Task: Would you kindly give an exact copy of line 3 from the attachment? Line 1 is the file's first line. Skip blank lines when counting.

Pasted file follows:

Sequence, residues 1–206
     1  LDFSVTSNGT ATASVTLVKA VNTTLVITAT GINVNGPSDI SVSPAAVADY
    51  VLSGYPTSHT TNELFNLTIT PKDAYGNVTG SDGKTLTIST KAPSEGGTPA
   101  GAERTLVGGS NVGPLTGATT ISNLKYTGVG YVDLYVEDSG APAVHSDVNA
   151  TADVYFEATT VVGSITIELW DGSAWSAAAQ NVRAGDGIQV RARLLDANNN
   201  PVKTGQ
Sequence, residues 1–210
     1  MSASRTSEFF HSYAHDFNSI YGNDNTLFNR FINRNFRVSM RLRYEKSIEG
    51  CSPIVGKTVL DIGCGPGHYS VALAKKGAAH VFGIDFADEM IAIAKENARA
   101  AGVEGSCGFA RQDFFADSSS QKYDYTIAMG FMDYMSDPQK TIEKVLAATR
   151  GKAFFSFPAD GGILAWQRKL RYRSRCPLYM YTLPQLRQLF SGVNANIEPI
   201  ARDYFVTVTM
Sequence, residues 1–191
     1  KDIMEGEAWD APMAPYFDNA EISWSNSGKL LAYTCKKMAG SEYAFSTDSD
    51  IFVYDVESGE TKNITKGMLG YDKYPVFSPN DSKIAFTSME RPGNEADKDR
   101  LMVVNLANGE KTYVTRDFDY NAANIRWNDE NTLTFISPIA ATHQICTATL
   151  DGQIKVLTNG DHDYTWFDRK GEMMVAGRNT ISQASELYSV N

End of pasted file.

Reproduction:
    51  VLSGYPTSHT TNELFNLTIT PKDAYGNVTG SDGKTLTIST KAPSEGGTPA